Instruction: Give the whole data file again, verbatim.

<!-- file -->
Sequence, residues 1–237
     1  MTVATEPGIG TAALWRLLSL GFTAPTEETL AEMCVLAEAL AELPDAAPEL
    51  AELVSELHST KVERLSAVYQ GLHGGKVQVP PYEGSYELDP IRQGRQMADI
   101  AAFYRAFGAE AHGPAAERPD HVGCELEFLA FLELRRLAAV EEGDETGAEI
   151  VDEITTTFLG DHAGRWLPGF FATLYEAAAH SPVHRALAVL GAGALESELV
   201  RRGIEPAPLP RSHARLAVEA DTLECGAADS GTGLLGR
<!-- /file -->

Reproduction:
Sequence, residues 1–237
     1  MTVATEPGIG TAALWRLLSL GFTAPTEETL AEMCVLAEAL AELPDAAPEL
    51  AELVSELHST KVERLSAVYQ GLHGGKVQVP PYEGSYELDP IRQGRQMADI
   101  AAFYRAFGAE AHGPAAERPD HVGCELEFLA FLELRRLAAV EEGDETGAEI
   151  VDEITTTFLG DHAGRWLPGF FATLYEAAAH SPVHRALAVL GAGALESELV
   201  RRGIEPAPLP RSHARLAVEA DTLECGAADS GTGLLGR